It seems like a great idea on paper: stop filling prisons with people convicted of minor, nonviolent drug offenses, and instead, put those people into treatment for drug dependence that is overseen by special courts.
In these courts, defense attorneys and prosecutors would drop their usual adversarial roles and work together with judges and other court staff to be a “support team.” By dealing with the addiction, the courts would get at the “root cause” of crime and prevent recidivism, thereby avoiding the high cost of incarceration.
The United States has made drug courts a high priority, both domestically and as a central element of its foreign policy, encouraging other countries to adopt them. But when it comes to how useful or effective drug courts are, the devil truly is in the details. A recent report by the Open Society Foundations, Drug Courts: Equivocal Evidence on a Popular Intervention highlights the points to watch out for.
After 25 years of drug court experience in the United States, a substantial body of evidence suggests that these courts can do more harm than good. First, drug courts should ideally be working very closely with health professionals, who would make medical decisions about the nature and duration of treatment. But many accounts from across the country indicate that drug court judges are often swayed more by their own sometimes uninformed prejudices about treatment than by the views of clinicians.
For instance, although the World Health Organization and every reputable health policy body endorse the benefits of medication-assisted treatment (MAT) for opiate dependence—which uses stabilizing medicines such as methadone and buprenorphine—many judges and drug courts reject this treatment, sometimes calling it, incorrectly, another form of addiction.
Recent years have seen dramatic increases in opiate dependence and opiate overdose-related death and illness in the United States. But rather than encouraging use of the full range of treatment options available to deal with this difficult problem, many drug courts require MAT patients to be “tapered” off treatment, require them to use medications that may not be the most effective for an individual’s medical condition, or simply refuse to include MAT as an option among court-supervised therapies.
Unfortunately, but predictably, this has only resulted in even more overdose deaths as people pushed into the wrong kind of treatment find themselves turning to street opiates.
Another example of clinically misguided decision making by the courts is punishing people for “failing” treatment, often by putting them in prison. Medical authorities refer to drug dependence as a chronic, relapsing condition—most people need to undergo treatment more than once or try several forms of treatment. But, as shown by the research of Prof. Eric Sevigny of the University of South Carolina, drug court judges often impose incarceration as a sanction for “failing” treatment, negating any benefit of diversion from prison for the original offense.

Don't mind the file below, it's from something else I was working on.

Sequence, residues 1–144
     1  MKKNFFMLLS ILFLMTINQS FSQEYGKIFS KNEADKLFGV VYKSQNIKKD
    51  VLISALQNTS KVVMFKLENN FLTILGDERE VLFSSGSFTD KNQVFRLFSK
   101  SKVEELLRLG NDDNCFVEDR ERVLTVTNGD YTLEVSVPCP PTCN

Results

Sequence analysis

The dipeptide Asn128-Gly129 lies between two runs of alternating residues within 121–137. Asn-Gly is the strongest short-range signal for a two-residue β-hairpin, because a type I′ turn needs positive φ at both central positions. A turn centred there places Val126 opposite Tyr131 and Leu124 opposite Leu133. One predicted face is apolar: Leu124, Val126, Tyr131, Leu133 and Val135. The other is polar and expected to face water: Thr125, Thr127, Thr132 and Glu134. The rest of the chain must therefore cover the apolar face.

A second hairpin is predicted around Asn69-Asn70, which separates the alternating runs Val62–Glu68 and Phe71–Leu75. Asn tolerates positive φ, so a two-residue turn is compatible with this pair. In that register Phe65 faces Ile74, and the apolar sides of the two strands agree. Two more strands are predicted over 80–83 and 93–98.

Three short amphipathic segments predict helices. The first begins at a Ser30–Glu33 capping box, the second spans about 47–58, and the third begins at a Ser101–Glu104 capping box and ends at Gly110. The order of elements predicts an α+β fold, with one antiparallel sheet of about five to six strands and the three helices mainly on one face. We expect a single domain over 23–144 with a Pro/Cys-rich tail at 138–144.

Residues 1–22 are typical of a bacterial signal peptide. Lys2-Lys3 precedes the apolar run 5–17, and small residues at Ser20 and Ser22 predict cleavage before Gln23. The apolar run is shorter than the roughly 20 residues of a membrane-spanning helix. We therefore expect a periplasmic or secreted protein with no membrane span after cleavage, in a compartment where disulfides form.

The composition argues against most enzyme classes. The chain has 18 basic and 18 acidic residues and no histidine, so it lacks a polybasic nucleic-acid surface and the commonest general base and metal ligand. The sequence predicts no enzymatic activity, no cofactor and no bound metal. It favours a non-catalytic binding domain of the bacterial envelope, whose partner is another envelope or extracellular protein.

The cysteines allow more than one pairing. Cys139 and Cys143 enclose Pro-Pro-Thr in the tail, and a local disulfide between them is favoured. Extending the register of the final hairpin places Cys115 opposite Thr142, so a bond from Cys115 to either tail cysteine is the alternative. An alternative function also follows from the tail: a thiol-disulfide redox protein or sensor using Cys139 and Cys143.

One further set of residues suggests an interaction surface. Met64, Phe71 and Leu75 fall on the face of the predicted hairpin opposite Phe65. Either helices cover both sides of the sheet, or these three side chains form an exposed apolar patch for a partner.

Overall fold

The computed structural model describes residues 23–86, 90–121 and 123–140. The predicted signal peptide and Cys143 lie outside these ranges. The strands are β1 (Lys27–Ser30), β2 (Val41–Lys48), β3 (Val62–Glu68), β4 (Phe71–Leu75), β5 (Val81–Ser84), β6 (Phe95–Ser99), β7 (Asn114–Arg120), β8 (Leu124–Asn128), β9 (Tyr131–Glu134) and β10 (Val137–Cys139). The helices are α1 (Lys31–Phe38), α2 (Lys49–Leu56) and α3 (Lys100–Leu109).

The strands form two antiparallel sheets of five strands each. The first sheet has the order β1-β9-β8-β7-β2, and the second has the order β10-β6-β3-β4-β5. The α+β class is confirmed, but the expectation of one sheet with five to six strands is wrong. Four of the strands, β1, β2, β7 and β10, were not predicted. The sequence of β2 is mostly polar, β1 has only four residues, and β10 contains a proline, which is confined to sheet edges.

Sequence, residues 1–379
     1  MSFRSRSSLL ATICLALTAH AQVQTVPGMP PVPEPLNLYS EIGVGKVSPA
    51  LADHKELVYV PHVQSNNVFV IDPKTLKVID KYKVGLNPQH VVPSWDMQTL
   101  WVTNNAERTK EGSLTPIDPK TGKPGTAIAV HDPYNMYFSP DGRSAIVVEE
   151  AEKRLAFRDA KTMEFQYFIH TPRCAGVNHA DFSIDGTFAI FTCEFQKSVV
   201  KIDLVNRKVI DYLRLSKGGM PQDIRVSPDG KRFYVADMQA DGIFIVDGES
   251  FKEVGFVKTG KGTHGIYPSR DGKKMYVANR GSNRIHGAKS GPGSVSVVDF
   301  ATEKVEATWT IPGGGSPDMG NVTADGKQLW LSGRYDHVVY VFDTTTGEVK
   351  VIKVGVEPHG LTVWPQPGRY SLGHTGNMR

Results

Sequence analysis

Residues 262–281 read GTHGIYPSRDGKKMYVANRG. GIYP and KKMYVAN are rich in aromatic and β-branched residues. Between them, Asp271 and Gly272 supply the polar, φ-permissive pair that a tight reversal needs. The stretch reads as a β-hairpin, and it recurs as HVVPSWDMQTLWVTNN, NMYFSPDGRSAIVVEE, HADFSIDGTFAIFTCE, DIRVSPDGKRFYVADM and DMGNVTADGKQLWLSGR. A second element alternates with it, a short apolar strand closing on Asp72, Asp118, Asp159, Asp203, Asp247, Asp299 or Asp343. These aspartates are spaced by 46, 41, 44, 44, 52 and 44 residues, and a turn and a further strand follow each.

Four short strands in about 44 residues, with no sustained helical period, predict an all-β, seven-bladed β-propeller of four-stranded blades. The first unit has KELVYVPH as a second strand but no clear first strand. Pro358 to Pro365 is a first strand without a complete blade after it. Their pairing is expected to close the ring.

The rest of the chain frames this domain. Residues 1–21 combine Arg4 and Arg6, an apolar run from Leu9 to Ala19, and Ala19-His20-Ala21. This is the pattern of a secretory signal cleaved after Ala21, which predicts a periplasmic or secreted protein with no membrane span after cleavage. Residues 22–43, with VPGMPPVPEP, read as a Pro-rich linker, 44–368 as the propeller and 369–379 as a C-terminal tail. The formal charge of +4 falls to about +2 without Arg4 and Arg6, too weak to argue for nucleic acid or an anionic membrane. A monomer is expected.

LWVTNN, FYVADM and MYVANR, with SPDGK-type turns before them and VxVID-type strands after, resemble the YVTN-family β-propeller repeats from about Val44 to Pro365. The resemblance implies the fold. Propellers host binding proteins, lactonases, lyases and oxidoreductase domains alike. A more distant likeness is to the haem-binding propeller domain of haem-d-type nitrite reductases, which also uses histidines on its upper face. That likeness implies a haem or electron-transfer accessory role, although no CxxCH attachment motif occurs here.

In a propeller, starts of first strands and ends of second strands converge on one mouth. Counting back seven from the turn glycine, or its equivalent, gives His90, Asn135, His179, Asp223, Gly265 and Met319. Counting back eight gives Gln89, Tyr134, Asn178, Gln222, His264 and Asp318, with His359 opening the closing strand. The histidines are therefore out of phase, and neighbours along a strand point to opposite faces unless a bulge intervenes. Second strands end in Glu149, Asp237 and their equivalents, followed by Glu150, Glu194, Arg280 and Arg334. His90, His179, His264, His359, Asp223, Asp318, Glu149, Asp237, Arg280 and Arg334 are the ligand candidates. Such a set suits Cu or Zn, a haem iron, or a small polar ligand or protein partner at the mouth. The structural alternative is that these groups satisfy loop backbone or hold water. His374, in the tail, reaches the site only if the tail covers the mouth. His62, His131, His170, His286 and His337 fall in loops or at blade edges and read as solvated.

If a health care facility made decisions like these—denied people the correct treatment for their condition or punished them in cruel ways for treatment failure—it could face a medical malpractice claim. But when a judge makes these decisions, there is no such recourse.
In the United States, most courts also require participants to enter a guilty plea as a condition of accessing court-supervised treatment, raising a host of due-process issues. Again, if a judge determines that there has been treatment failure, people might be tossed back into the adversarial system. But with a guilty plea on the record, they can face a longer sentence than if they had rejected drug court and argued a defense.
Most evaluations of U.S. drug courts, many of which are paid for by the same government money that established the courts, suggest that the courts prevent recidivism. But evaluations have been criticized by scholars and independent research agencies as being skewed by the drug courts’ habit of only admitting those most likely to succeed in treatment.
In Latin America, the U.S. is promoting drug courts heavily, including in countries that have already decriminalized personal use of drugs, a move that undermines both efforts to depopulate overcrowded prisons and decriminalization as a more sustainable and human rights–friendly approach to drugs.
The city of Seattle and a few other U.S. cities are embarking on a different approach to minor drug offenses in a program called Law Enforcement Assisted Diversion (LEAD). In LEAD, people charged with minor offenses are diverted to health and social services not requiring a guilty plea and not overseen by courts but by health and social professionals. This program, which has shown early promise, may avert some of the more fiendish pitfalls of drug courts.
Drug courts are likely to be a subject of discussion in the UN General Assembly Special Session on Drugs in April 2016. Delegates to this important meeting should look carefully at the evidence on drug courts to determine whether they are really a step forward or a new variant of the same drug war policies in dire need of reform.